Wind turbines on land, unlike those at sea, are mortgaged together with the real estate. Since the seabed is not subject to private property rights, offshore wind turbines cannot be mortgaged in the same way, whether floating or fixed.

As for the license to operate offshore wind turbines, no legal framework currently exists for the creation of security.

As shown above, the existing legal basis for the creation of security in offshore wind projects remains unsatisfactory for potential lenders. This could inhibit necessary investments for future developments. The regulatory framework for offshore wind projects should facilitate healthy competition and diversity on both the investor and supplier side. The aim should include ensuring that both smaller and newer developers get an opportunity to participate in competition with larger, established global players. This is especially true given these global players will have the edge of a stronger existing financial base, balance sheet, and potential equity investors. Regulatory solutions should therefore be put in place as soon as possible in order to meet the growing demand for green and sustainable energy and finance.

Debt financing

Offshore wind projects are expanding, and hold a big potential for growth under global goals to transition from fossil fuels to clean energy. This calls for the development of green and/or sustainable finance for banks and bond lenders to support. In this case, sustainable finance consists of the practice of integrating environmental, social and governance (ESG) criteria into financial services.

Green bank or bond loans

To cater to the demand for green investments and promote integrity in the green loan markets, the International Capital Market Association (ICMA), a non-profit membership association for participants in the international debt capital markets, has developed Green Bond Principles (GBP) for the issuance of green bonds. Further, The Loan Market Association (LMA) has published corresponding Green Loan Principles (GLP) for green loans.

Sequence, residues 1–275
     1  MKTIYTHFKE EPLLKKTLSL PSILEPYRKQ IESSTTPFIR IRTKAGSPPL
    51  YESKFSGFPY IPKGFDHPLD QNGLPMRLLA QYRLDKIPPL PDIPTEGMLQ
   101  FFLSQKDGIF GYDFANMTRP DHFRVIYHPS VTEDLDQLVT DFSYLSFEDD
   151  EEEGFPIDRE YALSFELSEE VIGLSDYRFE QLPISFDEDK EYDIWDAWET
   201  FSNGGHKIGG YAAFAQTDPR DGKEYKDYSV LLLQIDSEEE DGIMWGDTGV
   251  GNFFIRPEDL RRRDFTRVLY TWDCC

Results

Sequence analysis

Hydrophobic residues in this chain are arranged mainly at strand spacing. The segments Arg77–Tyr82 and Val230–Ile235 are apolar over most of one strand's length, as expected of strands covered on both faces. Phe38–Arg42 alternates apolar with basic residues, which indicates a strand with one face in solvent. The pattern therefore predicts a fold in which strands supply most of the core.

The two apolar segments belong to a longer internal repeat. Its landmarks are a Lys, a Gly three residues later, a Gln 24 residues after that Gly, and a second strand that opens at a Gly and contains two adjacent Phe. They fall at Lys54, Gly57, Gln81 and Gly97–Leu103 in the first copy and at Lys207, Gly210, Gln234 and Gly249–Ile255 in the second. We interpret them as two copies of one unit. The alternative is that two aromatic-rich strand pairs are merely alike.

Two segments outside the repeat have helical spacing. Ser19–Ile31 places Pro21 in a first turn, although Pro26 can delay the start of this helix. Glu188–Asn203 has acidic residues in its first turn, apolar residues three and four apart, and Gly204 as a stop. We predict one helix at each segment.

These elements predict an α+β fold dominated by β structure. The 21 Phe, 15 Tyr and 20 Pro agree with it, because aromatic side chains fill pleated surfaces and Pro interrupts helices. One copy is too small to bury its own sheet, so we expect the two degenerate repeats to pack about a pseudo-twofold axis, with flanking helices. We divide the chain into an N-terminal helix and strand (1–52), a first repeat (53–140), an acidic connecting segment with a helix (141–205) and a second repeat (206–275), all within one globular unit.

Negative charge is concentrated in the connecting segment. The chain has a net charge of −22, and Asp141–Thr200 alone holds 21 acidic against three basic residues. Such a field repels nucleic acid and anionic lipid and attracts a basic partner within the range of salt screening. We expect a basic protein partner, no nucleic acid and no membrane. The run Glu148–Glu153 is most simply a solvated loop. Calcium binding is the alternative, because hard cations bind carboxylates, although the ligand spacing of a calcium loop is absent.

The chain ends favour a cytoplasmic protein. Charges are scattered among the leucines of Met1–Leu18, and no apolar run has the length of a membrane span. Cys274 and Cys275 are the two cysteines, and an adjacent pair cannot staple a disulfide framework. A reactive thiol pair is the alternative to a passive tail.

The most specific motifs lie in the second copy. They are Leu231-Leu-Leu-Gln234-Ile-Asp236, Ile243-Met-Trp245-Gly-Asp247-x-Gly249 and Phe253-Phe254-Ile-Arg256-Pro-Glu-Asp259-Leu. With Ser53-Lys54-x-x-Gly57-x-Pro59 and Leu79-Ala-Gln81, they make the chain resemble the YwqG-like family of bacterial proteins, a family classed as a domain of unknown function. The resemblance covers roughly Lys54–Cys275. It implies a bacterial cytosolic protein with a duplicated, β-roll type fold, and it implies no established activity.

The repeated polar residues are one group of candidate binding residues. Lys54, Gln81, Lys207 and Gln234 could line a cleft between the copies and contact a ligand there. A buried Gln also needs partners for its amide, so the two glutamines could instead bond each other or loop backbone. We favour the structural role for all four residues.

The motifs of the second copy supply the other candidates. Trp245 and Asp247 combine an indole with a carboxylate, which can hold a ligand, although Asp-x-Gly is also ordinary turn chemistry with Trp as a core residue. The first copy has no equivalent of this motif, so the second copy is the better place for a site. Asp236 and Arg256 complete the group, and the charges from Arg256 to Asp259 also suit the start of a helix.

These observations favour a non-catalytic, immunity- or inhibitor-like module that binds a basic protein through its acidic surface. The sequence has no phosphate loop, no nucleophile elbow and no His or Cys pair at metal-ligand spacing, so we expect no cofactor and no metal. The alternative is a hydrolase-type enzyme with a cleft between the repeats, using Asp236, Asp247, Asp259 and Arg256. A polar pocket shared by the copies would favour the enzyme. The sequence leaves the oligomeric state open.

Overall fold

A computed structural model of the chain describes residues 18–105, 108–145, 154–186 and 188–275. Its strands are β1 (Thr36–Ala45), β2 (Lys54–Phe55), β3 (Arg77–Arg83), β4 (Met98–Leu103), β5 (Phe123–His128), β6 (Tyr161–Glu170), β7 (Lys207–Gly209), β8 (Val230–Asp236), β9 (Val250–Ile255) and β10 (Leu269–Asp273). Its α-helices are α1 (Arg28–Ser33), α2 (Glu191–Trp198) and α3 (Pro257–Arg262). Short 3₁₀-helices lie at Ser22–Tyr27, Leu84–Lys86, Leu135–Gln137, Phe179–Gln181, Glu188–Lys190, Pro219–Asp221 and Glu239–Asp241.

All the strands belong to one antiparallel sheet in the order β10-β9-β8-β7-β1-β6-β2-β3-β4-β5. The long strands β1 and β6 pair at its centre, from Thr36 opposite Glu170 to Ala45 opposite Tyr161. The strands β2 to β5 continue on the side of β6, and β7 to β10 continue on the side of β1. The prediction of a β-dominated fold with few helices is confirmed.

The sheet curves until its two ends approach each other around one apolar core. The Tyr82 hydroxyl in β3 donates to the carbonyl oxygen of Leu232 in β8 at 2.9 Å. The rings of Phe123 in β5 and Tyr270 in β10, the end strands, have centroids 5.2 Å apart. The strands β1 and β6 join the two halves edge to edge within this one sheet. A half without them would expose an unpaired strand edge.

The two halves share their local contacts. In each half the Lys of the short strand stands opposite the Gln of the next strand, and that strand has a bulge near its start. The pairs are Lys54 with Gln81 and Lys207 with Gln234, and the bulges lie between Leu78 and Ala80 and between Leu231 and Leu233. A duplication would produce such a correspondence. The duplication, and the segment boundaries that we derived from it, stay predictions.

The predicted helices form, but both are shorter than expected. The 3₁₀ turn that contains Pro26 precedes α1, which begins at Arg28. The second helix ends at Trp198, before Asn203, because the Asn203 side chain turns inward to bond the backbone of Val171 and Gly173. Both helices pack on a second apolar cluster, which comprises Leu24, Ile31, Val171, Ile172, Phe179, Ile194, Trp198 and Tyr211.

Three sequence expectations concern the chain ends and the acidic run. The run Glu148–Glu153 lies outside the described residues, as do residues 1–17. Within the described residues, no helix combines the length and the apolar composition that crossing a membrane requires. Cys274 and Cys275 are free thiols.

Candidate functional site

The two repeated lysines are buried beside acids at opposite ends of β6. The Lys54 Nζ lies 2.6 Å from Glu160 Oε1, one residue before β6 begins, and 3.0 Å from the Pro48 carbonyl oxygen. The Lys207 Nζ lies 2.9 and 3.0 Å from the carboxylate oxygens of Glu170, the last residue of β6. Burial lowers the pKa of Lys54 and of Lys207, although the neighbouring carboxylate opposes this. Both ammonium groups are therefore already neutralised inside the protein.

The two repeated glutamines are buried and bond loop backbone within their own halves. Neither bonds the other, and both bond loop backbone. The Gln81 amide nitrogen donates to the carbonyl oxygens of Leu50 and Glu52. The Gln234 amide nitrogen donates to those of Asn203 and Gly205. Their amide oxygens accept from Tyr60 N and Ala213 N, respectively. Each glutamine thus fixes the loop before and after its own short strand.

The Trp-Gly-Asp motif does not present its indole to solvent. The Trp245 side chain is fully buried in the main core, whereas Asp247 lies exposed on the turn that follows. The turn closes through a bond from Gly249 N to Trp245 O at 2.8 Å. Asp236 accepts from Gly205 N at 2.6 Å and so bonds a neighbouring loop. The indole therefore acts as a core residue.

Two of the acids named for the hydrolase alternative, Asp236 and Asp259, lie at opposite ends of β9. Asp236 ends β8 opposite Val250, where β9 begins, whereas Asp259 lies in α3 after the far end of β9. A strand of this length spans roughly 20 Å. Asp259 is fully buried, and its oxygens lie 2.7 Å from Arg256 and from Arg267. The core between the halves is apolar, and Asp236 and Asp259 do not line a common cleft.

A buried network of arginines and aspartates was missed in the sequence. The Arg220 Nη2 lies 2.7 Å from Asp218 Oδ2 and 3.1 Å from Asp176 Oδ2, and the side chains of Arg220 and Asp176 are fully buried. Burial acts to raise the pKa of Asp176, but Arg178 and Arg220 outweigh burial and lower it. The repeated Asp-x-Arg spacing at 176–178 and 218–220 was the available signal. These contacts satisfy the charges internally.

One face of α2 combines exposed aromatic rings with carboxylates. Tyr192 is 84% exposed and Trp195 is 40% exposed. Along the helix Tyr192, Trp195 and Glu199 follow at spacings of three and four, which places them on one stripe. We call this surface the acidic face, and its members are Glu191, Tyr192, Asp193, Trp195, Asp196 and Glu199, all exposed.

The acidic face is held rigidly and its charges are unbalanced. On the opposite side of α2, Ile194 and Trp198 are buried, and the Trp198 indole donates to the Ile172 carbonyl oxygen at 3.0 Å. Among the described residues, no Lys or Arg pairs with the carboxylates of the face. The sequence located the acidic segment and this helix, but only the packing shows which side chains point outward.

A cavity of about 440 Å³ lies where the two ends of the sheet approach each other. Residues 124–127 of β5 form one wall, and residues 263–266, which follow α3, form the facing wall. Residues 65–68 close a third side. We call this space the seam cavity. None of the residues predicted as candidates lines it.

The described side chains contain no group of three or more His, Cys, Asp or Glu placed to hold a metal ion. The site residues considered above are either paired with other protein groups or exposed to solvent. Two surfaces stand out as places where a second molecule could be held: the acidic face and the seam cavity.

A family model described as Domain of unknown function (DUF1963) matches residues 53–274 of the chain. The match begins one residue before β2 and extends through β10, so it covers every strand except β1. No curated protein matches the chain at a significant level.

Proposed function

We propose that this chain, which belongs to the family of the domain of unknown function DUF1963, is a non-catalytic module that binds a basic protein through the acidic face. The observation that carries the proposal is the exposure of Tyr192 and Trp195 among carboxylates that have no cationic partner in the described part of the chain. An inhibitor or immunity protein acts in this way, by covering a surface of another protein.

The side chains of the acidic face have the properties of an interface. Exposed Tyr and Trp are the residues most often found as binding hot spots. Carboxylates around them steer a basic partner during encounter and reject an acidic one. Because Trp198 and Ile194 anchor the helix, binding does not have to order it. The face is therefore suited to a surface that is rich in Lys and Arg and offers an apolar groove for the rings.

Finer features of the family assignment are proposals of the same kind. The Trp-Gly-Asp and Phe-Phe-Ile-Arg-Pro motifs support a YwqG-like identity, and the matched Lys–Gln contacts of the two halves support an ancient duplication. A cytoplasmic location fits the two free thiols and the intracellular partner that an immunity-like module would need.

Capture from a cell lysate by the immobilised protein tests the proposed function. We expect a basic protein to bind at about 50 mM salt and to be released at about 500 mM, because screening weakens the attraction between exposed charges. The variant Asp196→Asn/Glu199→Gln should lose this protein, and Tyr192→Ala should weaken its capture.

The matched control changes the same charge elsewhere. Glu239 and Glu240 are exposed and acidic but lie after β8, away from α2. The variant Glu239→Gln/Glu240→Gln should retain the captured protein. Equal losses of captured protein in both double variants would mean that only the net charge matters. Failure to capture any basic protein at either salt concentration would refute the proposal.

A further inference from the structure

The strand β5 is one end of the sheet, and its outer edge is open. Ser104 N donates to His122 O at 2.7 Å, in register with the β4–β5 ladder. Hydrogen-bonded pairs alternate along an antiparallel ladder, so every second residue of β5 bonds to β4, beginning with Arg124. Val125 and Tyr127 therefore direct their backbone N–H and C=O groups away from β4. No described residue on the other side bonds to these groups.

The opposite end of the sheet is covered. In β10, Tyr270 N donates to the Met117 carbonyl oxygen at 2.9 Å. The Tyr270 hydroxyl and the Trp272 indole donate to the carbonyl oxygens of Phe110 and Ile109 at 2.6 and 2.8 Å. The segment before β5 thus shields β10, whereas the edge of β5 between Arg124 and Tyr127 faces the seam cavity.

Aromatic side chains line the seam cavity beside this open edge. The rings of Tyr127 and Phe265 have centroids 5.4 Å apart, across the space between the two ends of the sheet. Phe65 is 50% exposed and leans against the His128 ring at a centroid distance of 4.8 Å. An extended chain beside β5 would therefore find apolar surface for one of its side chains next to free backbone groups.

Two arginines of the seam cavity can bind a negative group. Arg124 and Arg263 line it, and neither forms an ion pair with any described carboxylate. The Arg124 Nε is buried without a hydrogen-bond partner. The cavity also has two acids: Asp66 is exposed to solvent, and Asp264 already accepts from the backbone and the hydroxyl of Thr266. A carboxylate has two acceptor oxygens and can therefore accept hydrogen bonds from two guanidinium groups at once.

Both GBP and GLP are sets of voluntary guidelines to clarify the circumstances in which a bank or bond loan can be considered green, and focus on use of proceeds. In order to qualify, proceeds must be designated for use within ESG. Offshore wind power is a renewable and seemingly infinite energy source, and the conversion of wind into power creates no harmful greenhouse gas – thus qualifying offshore wind projects as “green”.

To issue a green bond or take out a green loan, the borrower must agree on a green framework for the project (which should be verified by an external third party), and report on the use of proceeds to the bondholders or lenders.

In addition to the voluntary standards described above, the EU has developed its own EU Green Bond standard. This is intended to be a voluntary “gold standard” for green bonds. Use of the standard would protect investors from greenwashing and, hence, allow companies and public bodies to more easily raise large-scale financing for climate and environmentally-friendly investments. The standard will use the detailed definitions of green economic activities in the EU Taxonomy, and only projects that are in line with the EU taxonomy would be eligible for funding. Use of the EU green bond label will be voluntary, It will, however, also define a framework for green assets in the capital markets.

Sustainability-linked bank or bond loans

Both the ICMA and LMA have provided guidelines for Sustainability-linked loans (as they did for Green loans). However, it remains slightly more complicated to classify the loan as sustainability-linked, compared to the requirements to classify a loan as green. As supposed to the process for qualifying a green loan, the key to qualify as sustainability-linked is to show the borrower itself is performing in line with ESG criteria.

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Lars-Erik Østerbø
E-post leo@wr.no